To get help with when you are doing a Higher Education course you could apply for Disabled Students Allowance (DSA). There is lots of information on the internet about applying, but this is a few tips from an applicant’s perspective after having gone through the process.
DSA is not means tested and is a grant not a loan. Do not buy any equipment in anticipation of receiving a loan as the costs will not be reimbursed.
If you have difficulty with making phone calls, organising yourself or remembering to do things you may want to get someone to help you as the process requires you to take the initiative.
IASS do not give advice on applying for DSA, instead speak to the Disability Advisor at your intended college or University or there may be someone at your school or college who can help.
When should I apply?
It can be a lengthy process, and ideally you should apply when you submit your UCAS application at the beginning of the year, but provided you apply before the start of the academic year, later applications are considered. It follows that you can apply before you have an offer of a place.
It is a very different process than applying for education support through an EHC Plan, and you do not need to have had an EHC Plan to apply for DSA.
What help can I get?
- Assistive Technology and software (computers, printers, recorders, etc.),
- Specialist Support (for notetaking, organising your work, etc.) called Non- Medical Allowance.
- Extra travel costs.
- General allowance – this pays for the needs assessment!
DSA’s are not intended for the costs of extra academic tuition, subject specific coaching or support in the main subject area(s) being studied. Institutions should meet these costs as part of providing the course. If you think you will need help with this speak to your Disability Advisor as soon as possible.
How do I apply?
Student Finance will send you a form when you apply for a Student Loan. More details are available on the UCAS website. https://www.ucas.com/disabled-students-allowances-dsas
It is important to include all the things in your application that may affect your studies at University not just autism as this may entitle you to extra help. For example, include any diagnosed dyslexia, poor motor skills, anxiety, depression, ADHD, other medical conditions etc.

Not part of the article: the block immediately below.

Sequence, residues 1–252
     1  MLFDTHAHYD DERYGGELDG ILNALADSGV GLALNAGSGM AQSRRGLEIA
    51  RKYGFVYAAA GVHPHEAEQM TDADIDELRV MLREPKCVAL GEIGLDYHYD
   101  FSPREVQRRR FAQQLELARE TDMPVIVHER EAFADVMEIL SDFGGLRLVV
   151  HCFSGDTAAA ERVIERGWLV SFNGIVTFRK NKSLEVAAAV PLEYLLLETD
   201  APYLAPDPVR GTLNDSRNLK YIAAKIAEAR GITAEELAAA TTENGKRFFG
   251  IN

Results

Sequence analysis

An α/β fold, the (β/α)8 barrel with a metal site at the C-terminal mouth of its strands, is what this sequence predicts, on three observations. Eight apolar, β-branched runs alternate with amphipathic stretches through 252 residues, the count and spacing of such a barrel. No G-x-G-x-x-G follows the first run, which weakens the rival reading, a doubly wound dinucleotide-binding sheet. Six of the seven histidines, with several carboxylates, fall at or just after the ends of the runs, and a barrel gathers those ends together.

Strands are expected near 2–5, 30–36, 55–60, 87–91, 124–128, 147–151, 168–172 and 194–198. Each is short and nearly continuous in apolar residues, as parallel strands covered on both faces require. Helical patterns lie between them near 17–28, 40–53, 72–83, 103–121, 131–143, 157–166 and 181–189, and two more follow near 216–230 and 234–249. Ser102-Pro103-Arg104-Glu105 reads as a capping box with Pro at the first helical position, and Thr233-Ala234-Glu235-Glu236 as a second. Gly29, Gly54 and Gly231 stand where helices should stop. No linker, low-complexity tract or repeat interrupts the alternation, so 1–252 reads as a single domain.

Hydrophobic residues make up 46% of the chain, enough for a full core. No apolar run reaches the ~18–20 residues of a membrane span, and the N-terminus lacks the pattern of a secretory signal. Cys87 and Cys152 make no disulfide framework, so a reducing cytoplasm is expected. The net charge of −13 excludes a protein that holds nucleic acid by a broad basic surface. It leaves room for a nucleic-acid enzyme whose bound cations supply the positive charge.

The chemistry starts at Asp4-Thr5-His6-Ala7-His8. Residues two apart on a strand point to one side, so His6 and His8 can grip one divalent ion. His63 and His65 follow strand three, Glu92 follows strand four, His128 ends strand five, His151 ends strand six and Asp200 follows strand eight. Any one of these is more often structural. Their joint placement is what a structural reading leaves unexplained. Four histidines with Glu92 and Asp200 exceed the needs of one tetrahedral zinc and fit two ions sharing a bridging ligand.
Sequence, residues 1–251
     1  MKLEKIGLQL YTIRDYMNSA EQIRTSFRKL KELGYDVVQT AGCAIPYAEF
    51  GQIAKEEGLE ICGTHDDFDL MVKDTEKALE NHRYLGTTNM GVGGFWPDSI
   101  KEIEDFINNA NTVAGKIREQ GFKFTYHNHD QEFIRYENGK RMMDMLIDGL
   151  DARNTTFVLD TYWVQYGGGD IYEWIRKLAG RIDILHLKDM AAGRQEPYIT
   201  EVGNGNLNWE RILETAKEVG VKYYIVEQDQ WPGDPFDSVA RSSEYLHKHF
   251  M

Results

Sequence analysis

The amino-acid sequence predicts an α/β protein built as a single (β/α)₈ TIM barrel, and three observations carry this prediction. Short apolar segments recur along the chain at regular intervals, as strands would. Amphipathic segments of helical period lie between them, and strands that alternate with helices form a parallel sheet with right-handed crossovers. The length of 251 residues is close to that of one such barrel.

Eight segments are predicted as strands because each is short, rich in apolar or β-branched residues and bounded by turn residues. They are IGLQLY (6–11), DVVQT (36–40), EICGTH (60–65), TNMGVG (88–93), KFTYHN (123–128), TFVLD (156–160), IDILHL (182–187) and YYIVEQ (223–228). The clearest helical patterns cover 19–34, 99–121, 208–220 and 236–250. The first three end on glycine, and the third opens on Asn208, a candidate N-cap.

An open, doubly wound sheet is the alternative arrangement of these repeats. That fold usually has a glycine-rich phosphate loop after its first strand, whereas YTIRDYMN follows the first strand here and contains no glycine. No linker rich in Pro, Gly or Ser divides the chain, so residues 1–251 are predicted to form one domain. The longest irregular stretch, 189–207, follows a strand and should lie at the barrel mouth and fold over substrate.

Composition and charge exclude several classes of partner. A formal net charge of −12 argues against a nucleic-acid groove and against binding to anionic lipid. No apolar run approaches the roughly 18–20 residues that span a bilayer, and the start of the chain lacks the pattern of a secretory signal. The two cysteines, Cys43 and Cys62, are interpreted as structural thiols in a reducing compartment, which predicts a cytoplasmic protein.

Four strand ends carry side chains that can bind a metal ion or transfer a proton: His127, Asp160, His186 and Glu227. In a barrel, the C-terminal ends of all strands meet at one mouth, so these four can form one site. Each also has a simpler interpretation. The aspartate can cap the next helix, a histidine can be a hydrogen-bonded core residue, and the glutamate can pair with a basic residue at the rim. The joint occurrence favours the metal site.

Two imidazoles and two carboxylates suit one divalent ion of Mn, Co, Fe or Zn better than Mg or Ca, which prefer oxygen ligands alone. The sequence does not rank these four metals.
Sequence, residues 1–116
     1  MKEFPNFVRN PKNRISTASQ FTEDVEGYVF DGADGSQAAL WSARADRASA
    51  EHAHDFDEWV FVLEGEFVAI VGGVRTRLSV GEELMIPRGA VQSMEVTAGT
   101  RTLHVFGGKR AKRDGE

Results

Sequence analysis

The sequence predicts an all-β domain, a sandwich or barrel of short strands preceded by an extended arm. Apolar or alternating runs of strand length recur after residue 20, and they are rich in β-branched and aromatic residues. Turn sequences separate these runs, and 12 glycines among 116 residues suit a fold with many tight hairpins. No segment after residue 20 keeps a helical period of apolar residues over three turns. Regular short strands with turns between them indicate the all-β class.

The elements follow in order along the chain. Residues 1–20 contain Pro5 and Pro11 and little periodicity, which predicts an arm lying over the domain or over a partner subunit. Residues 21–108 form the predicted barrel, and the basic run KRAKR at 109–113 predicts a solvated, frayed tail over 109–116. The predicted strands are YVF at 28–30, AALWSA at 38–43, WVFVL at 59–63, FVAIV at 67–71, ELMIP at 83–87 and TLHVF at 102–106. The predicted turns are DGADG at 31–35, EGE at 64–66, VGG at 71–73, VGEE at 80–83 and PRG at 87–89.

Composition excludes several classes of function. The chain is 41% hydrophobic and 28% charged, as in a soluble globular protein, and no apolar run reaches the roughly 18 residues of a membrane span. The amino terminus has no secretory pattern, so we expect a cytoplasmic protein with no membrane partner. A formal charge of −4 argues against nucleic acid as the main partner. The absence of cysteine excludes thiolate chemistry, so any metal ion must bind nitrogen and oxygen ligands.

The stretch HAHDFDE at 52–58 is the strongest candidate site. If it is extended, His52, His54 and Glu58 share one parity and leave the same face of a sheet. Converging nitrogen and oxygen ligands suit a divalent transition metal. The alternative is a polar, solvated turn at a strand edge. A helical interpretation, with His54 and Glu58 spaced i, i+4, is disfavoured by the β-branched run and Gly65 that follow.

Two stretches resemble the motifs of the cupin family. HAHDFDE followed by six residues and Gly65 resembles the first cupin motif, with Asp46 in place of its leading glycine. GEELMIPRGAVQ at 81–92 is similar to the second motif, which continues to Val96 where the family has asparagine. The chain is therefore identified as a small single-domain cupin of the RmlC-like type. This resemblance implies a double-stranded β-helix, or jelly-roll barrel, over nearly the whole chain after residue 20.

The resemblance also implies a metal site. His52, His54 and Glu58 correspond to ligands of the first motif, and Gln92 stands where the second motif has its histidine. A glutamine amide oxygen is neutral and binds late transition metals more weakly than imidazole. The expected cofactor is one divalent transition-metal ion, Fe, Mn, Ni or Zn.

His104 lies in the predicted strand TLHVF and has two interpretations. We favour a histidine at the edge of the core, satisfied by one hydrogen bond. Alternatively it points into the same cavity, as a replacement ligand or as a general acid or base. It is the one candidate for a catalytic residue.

Student Finance will check your application to see if you are eligible and, if so, will write to you telling you to contact a Study Needs Assessment centre to arrange to meet with an assessor. A list of assessors is available at www.dsa-qag.org.uk. Do not book an appointment until you are told to.
The assessment takes up to 2 hours and you can take a supporter with you to the assessment. The Assessors will want to know what you need help with to see what they can offer to help you.
It is worth bearing in mind that non-medical support can be removed if more than 2 sessions a term are missed, so if the nature of your disability is such that you might regularly need to miss booked sessions without warning, discuss this with the Study Needs Assessors as they should indicate this on the needs assessment report if they identify that this is likely to occur.
If you decide specialist software will help you, remember to ask for training.
The assessor then sends their findings and recommendation to Student Finance.
Student Finance England will write to you telling you what you have been awarded.
If you have been awarded Specialist Equipment Allowance you will be contacted by the supplier to arrange delivery. You are required to pay a minimum of £200 towards the cost of a computer or laptop. If you wish to upgrade to a higher spec piece of equipment you will have to pay more. Ask the supplier for a list of approved retailers or alternative standard equipment if you are considering upgrading. This has to be approved before purchase.
If you have been awarded Non-Medical Allowance it is up to you, or your Disability Adviser, to contact the agency named in the award letter to request that they start looking for staff. If the agency named in the award letter is not able to find someone suitable, you can go back to the Needs Assessor and ask to change agencies.
Working with your Non-Medical Support Worker
If you are dealing directly with an agency to find support staff, try to find out as soon as you can when and where you would like your support sessions to be held. The Agency will need this information to check that the support worker is available when you are. Sessions are usually held on campus. There are limits to what DSA will pay for if you do not attend support sessions regularly, so it is important that you find a time that you can stick to. You will be required to sign your support workers timesheet as proof the session took place.
You have one year to use your allocated support hours, any not used will be lost.